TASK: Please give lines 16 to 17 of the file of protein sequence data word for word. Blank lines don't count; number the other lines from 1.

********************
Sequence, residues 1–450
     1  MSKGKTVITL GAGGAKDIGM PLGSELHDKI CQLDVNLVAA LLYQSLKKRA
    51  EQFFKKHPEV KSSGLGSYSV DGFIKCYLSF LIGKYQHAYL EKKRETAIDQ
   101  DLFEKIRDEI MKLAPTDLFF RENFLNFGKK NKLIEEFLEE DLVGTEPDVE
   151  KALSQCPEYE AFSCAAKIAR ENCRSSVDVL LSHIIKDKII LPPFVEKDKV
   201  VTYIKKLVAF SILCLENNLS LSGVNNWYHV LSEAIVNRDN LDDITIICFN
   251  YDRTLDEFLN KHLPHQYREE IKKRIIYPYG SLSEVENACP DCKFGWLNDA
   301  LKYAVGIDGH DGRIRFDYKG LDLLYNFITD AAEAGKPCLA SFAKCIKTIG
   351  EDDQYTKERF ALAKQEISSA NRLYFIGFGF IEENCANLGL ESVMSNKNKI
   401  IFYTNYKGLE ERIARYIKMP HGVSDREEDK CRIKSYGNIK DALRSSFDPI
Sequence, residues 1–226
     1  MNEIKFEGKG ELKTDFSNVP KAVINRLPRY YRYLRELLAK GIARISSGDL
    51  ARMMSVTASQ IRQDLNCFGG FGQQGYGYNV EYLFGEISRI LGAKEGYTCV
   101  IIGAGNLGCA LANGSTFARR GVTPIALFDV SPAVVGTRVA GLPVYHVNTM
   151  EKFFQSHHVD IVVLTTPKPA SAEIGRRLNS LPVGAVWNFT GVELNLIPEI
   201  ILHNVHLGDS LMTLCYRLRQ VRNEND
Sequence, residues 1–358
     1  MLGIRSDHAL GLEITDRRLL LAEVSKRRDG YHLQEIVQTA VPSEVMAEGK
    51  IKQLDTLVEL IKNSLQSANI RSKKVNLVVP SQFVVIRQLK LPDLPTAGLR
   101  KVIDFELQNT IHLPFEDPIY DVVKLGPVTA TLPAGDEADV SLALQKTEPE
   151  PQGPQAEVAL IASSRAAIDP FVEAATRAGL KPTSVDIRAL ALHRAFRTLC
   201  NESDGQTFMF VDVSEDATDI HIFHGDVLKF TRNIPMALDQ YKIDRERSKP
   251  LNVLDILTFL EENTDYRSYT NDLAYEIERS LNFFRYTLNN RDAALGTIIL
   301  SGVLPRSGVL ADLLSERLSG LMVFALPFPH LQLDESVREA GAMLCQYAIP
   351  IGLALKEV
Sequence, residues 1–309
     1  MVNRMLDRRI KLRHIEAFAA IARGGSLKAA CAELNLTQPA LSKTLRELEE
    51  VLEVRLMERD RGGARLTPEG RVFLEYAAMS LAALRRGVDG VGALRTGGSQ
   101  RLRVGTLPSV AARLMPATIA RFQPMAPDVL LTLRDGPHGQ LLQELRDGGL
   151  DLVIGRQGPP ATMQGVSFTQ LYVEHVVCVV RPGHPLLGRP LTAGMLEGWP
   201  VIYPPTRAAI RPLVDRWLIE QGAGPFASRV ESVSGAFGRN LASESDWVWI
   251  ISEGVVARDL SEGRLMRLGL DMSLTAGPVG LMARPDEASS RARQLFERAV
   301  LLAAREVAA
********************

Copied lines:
   201  ILHNVHLGDS LMTLCYRLRQ VRNEND
Sequence, residues 1–358